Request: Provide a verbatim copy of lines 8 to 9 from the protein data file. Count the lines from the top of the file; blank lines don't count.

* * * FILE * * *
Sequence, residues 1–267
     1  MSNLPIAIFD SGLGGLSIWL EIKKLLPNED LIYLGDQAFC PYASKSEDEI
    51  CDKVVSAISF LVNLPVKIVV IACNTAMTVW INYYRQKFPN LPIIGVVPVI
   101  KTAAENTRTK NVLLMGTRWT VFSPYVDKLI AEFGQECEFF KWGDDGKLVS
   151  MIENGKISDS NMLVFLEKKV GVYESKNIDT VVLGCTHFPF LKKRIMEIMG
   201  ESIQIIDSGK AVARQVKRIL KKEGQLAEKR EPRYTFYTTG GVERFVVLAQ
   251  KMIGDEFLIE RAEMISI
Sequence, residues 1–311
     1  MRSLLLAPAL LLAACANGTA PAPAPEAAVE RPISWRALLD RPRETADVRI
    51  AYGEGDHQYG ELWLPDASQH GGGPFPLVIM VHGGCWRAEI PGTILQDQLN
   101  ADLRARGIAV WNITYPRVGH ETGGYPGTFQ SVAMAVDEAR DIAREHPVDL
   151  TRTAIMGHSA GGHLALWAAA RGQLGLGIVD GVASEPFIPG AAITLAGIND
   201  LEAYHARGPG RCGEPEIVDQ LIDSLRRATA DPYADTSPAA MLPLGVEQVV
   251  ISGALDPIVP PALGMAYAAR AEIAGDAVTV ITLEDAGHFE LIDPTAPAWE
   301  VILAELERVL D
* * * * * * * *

Sequence, residues 1–311
     1  MRSLLLAPAL LLAACANGTA PAPAPEAAVE RPISWRALLD RPRETADVRI